Review by Choice Review
Caplan (English and creative writing, Ohio Wesleyan Univ.) identifies a striking truth, namely that hip-hop lyricists adore rhyme, whereas contemporary print-based poets largely avoid it. Using strong close readings and rich literary contextualization, he argues that rap artists leveraged a rapidly expanding English language to champion rhyming, a poetic technique that had fallen victim to changing creative tastes. The author explores doggerel, insult, and seduction verse, showing that by echoing these traditional categories hip-hop emcees yoked vintage forms and cutting-edge consciousness to discover new aesthetic possibilities. In the penultimate section, Caplan suggests that a cohort of 21st-century poets is exploiting these discoveries. But though his deftness in ranging from Shakespeare to Jay-Z commands applause, Caplan's treatments sometimes strain for coherence. He does not explain the logic of his structural focuses; thus, for example, the question arises as to why he ignored a genre like elegy. Of greater concern is his neglect of artists like Maya Angelou and Gil Scott Heron and critics like Aldon Nielson and Meta Jones: these omissions rob his conclusions of nuance. Such quibbling notwithstanding, Caplan's efforts herald important new options for analyzing rap. --Michael D. Hill, University of Iowa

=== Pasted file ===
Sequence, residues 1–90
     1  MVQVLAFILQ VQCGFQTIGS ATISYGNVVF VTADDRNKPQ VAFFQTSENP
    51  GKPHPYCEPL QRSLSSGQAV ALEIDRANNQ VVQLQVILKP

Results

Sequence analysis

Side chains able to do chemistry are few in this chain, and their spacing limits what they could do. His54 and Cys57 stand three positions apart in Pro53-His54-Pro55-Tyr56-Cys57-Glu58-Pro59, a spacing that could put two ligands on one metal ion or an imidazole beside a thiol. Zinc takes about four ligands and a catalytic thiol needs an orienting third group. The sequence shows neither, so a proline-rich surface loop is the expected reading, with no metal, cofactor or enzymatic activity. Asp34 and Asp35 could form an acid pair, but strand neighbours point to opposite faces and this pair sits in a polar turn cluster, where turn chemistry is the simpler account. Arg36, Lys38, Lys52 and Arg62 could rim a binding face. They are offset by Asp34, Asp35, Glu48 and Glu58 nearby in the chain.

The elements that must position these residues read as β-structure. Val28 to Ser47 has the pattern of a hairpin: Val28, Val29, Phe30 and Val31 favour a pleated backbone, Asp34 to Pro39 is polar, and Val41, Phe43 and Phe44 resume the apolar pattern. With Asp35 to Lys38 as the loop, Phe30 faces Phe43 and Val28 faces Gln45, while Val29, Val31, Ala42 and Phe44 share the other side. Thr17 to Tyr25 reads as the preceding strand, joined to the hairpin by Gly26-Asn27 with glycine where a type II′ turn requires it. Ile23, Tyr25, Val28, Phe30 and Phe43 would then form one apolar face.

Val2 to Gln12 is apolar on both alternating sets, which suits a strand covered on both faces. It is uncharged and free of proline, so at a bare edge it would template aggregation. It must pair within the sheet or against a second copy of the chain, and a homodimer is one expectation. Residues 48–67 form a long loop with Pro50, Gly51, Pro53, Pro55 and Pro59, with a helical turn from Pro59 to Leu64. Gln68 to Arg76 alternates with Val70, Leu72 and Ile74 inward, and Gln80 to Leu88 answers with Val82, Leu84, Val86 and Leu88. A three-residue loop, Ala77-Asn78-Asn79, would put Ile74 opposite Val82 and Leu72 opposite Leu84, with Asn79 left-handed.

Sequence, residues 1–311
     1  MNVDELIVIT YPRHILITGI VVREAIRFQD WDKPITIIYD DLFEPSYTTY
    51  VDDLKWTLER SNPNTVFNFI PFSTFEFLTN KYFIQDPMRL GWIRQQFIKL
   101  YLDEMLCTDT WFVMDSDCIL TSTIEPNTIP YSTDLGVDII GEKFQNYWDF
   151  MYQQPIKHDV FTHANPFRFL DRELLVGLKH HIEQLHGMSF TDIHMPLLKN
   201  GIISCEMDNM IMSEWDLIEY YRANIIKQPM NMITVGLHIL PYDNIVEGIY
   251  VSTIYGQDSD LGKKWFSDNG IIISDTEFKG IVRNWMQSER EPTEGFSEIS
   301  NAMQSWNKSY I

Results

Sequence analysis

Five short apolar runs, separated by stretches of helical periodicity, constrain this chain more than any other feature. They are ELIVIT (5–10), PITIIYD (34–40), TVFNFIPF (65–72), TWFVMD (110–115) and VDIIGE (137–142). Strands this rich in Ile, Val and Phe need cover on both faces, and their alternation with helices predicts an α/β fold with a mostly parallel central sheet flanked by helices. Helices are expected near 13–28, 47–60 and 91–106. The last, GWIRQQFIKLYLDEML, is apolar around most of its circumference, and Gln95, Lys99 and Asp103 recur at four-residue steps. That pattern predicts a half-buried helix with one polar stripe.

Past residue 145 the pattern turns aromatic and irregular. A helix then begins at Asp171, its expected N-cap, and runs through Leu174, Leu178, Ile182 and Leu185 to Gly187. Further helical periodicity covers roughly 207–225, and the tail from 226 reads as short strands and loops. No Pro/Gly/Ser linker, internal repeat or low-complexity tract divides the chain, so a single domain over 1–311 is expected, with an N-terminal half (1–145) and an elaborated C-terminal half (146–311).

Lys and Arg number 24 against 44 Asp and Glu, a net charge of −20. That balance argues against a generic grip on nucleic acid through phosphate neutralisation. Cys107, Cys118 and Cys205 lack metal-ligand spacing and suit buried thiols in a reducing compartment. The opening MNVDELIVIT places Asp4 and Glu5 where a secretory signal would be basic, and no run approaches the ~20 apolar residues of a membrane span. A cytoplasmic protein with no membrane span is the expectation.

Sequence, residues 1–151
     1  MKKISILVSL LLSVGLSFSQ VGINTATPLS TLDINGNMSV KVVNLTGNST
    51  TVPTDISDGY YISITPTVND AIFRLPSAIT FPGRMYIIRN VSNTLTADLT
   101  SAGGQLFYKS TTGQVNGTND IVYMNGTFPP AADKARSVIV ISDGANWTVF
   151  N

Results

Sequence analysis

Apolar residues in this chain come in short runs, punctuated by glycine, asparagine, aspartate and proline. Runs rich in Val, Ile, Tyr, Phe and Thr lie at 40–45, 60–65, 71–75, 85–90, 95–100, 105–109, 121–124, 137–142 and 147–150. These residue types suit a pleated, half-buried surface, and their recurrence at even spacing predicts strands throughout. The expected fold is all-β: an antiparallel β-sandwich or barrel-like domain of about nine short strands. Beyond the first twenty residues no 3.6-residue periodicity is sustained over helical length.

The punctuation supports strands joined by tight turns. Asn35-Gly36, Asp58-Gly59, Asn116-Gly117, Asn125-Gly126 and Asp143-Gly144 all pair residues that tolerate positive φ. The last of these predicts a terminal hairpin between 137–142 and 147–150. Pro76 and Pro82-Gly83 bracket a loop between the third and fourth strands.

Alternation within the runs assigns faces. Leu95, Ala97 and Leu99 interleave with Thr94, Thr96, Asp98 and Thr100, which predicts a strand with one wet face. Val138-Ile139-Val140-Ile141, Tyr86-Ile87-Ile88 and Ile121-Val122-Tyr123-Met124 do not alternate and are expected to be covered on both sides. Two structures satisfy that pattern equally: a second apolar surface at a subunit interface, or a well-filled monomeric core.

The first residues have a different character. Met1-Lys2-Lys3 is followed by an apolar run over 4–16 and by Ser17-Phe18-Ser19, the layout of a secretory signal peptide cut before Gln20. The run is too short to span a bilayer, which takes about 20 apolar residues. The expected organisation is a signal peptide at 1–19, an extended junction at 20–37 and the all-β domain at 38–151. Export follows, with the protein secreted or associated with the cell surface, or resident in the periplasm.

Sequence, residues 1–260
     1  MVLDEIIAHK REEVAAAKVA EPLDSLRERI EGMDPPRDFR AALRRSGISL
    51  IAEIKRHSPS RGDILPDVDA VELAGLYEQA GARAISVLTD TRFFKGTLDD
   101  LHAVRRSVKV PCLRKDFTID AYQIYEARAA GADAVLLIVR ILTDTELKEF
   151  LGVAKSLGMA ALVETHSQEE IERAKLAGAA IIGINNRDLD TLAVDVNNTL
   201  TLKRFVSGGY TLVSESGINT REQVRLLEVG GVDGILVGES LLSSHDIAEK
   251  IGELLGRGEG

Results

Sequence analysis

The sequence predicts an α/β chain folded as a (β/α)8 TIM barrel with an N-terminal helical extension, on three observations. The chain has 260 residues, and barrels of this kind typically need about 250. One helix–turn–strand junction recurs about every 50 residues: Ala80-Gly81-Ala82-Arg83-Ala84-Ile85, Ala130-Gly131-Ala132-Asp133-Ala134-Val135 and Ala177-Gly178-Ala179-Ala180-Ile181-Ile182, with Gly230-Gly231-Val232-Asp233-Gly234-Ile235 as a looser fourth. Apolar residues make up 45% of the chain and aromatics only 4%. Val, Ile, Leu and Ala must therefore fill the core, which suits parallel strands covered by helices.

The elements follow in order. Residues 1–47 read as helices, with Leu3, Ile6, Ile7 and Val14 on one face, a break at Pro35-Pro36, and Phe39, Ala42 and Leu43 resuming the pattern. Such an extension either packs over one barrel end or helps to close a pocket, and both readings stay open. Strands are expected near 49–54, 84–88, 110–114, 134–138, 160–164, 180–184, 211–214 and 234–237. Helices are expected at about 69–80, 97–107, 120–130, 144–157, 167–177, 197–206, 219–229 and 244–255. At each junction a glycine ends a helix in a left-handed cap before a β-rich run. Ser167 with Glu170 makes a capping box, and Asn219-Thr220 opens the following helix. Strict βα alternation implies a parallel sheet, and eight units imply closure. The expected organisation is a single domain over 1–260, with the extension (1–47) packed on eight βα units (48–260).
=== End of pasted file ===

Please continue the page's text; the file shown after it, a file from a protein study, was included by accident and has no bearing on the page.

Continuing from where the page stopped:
Copyright American Library Association, used with permission.
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